Tired of polluted air, traffic jams and noise? Want to get out of the city for a little while to get some rest? Feeling uninspired, looking for a place, where your creative juices can flow again? Look no further, because Poland has something that might be just right for you.
Only 2 hours drive from Kraków and half an hour from Zakopane, a peaceful Polish countryside opens its doors to visitors. Green fields, dotted with wooden houses, drag for miles on end, sheep calmly graze here and there, small springs flow through little villages and tall Tatra Mountains cover the horizon. Here the air is fresh, the food is better than anywhere else in Poland and in many places the only noise you hear is the chirp of birds and bleat of sheep.
Would you ever think that Poland can be this beautiful?
Bukowina Tatrzańska, Poronin and Białka are only a couple of places, where you can stop and spend a few days enjoying nature. Guesthouses and hotels are plentiful, offering clean and comfortable rooms for a reasonable price. Big yards and gardens surround the buildings and each of them has benches and tables, where on a sunny day you can sit with a book and relax.
Digital nomads, writers and those looking for peace and quiet to work, will be more than happy here. There are almost no distractions in the Polish mountains. Karczmas (Polish pubs) close at 10, people go to sleep early and wake with a break of dawn. A good internet might be hard to find sometimes, but the atmosphere to work is truly great.
Hiking trails wind around the hills and mountains. There are places, where you can be completely alone, far away from civilisation and people, but if you choose more frequented paths you will soon find out that, despite the number of tourists around, you can still be close to nature and enjoy your walk.
The beautiful Kościeliska Valley hides amazing caves that you can visit on your own, Sarnie Skały (Deer Rocks) provide views over majestic Giewont, and Morskie Oko (Eye of the Sea) can be visited by those not fit for strenuous hiking.
And why not visit Tatras in the winter, where you can ski to your heart content for a much lower price than in Austria and other European countries?
The food here will satisfy those, who like to eat well. Karczmas serve home-made, delicious meals that mix traditional Polish cuisine with regional recipes. Kwaśnica – a sour cabbage soup – will warm you up on cold days, and lard with fresh bread and sour cucumber will be a great starter, or a satisfying snack. Oscypek – smoked sheep cheese – is sold everywhere and its strong smell will reach you as soon as you get out of your house. But what people from here do best is sausage. Grilled, fried, baked, cooked, white, red and slightly pink, served with baked and mashed potatoes, fries, or bread – all kinds of combinations that you can’t resist trying.
Górale (mountain people) are proud of their traditions. Through centuries they developed their own music, dances and language. Even today, during important holidays, they wear their traditional, colourful outfits, decorated with flowery scarves, hats and jewellery. They are talented craftsmen and are famous for their artwork, clothes and hand made goods. In the smallest villages you will find original workshops, mixed with small stalls, selling knock offs, adding a certain charm to the area.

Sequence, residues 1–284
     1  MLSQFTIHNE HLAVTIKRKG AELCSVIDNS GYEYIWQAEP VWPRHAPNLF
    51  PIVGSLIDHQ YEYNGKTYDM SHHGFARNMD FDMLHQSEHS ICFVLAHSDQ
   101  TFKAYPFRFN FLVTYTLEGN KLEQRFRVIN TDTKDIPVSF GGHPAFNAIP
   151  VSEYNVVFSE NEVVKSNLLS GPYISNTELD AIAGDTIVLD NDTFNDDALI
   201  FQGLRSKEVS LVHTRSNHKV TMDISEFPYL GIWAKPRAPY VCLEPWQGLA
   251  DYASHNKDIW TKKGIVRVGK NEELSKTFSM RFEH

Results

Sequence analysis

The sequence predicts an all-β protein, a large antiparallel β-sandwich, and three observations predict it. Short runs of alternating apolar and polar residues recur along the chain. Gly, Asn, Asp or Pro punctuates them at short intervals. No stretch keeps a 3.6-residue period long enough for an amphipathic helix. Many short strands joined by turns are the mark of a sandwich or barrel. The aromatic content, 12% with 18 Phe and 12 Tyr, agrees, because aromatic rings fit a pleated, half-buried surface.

The mountains here were once a home to talented Polish writers, poets, architects and political activists. After the First World War they came here to breathe in fresh air and enjoy the magnificent views of the Polish mountains. Until today many artists like to spend their holidays in Tatras, far away from the noise and hustle and bustle of the city. Some say that this area cures writer blocks and other artist-related sicknesses. And no wonder – this place is truly magical!
Visiting Tatra Mountains – useful information
- Zakopane is the most famous place in the Polish Tatras. However, it is often very crowded and it’s definitely more expensive than other places. Bukowina Tatrzańska, Białka and Poronin are much better options, if you want to get some rest from the city. I stayed in Bukowina Tatrzańska at Willa Bukovinka – a really nice and cozy place.
- You can get to any of the above destinations by car, or by bus from the main bus station in Kraków. Tickets cost 18 złotych.
- Having your own transport is always good as you can get anywhere very quickly. Transport here is pretty good and you can take a mini van, or a bus, to go to Zakopane, or to most of attractions in the area. Tickets cost around 10-15 złotych per person, one way.
- Accommodation in Tatra Mountains is plentiful. Prices vary, but a good rate is around 45 złotych per person per night. To book your accommodation use: nocowanie.pl or e-turysta and e-nocowanie.pl. In Poland online booking is not common and you would have to write an email to the owner, or make a phone call. If you don’t speak Polish, or don’t know anyone who does, then email is your best option as the owner can ask someone to translate it for them if they don’t speak English.
- All of the small towns and villages around Zakopane are very quiet, especially outside the winter season. Each of them has at least one shop and a few karczmas. Here you wake up early and you go to bed early.
- Food in karczmas is great! I recommend Karczma Wanta in Bukowina Tatrzańska – the owners grow their own vegetables and make their own cheese. Breakfasts here are to die for. They also have private rooms to rent.
- If you’re planning to work it is best to ask about the internet first. The internet in the room I stayed in, at Willa Bukovinka, was really bad. On my last day I found out that it is much better in the kitchen and common area downstairs.